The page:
Get a Hue!

Clueless about colors for your fall marketing campaign? Shades affect sales more than you think.
Magazine Contributor
4 min read

This story appears in the September 2002 issue of Entrepreneur. Subscribe »

It's time to kick off fall marketing programs, which means you're wrestling with design decisions. But are you considering which colors your marketing tools will wear this season? Selecting the best shades isn't as simple as black and white. But making the right color choices can have a strong impact on sales.

Say It With Color

Color has a subtle, yet immediate and powerful, effect. Each time customers ares exposed to your marketing materials--anything from business cards to direct-mail campaigns--they tend to make instantaneous decisions about your company and the products or services it offers, often based largely on their emotional reactions to colors.

Basic colors have universal meaning in our culture. We all know red is the color of passion and love. Blue, cited by most Americans as their favorite color, connotes respectability and tranquility. Both men and women like purple, an androgynous color most often associated with royalty. Green, the color of money, also represents nature and the environment. Yellow is linked to feelings of happiness, while orange, a hot color, conveys energy and emotional stimulation.

But basic color is just the beginning of the story. What's most critical when it comes to selecting the right look for your marketing materials is shade, the value of the color range. Take green, for instance. Chartreuse conveys a trendy image. Choose apple green, and you make a modern, artistic statement, while the deeper shade of hunter green appeals to a more conservative audience. Each color value sends a slightly different message.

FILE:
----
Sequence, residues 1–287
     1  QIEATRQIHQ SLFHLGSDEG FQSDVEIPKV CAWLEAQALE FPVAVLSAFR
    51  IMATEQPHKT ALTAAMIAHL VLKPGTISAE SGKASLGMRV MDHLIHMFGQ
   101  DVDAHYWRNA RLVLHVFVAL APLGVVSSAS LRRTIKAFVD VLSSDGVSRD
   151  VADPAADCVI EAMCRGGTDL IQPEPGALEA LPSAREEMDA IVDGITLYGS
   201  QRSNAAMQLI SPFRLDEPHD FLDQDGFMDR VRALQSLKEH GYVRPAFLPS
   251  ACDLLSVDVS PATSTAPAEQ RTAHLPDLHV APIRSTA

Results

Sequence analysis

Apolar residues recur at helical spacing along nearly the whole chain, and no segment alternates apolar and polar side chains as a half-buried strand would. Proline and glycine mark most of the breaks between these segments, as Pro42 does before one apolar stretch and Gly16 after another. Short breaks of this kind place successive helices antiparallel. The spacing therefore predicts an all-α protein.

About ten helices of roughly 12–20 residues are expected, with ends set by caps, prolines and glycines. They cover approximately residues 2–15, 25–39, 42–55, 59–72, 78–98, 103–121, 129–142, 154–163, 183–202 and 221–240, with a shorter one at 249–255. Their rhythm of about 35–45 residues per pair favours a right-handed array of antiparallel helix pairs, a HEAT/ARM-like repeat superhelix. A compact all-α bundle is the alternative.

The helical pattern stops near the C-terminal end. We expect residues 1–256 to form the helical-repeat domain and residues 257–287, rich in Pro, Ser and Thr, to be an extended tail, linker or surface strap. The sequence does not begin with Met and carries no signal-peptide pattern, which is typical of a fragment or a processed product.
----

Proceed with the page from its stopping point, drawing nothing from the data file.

Often, the first materials your customers see are your stationery, business cards and company brochure. "Many companies use color as a way of identifying themselves," says Jay de Sibour, president of the Color Marketing Group, an association of independent professionals. De Sibour suggests selecting and sticking with a color for your company identity that represents the nature of your business. Eventually, it will become associated with you--much as "IBM blue" and "UPS brown" are immediately recognized today.

What's Hot for Fall

While your company color symbolizes what you're all about, the colors for your point-of-sale, direct mail, presentations and other marketing tools must be selected based on an understanding of your target audience and what will appeal to them. "If you're targeting the Latin market, for example," says de Sibour, "you can use brighter shades of red, yellow and orange."

You should also choose shades of color that reflect what you are marketing. For example, a caterer who wants to prepare a direct-mail campaign would use richer, more saturated shades to market anniversary parties and weddings, and switch to brighter hues for packages featuring children's birthday parties.

Every season, some colors drop out of favor and new ones replace them. This fall, Americans' desire for tradition, family, nostalgia and spiritualism will spur a move toward colors we feel safe with, says de Sibour.

The most popular colors with women this fall will be turquoise and a teal called "mallard." Younger men will prefer "madder red," a deep orange-red, and older men will find a combination of deep navy and indigo most appealing, according to Margaret Walch, director of the Color Association of the United States, which standardizes and forecasts color trends.

There's a wide range of tastes even within a targeted market, and Walch says geography also plays a key role. Once you've selected the colors for your marketing materials, she suggests trying them out on five members of the target group to see how they react. That should be enough feedback to let you know if you're on the right track.

To learn more about choosing colors, visit and

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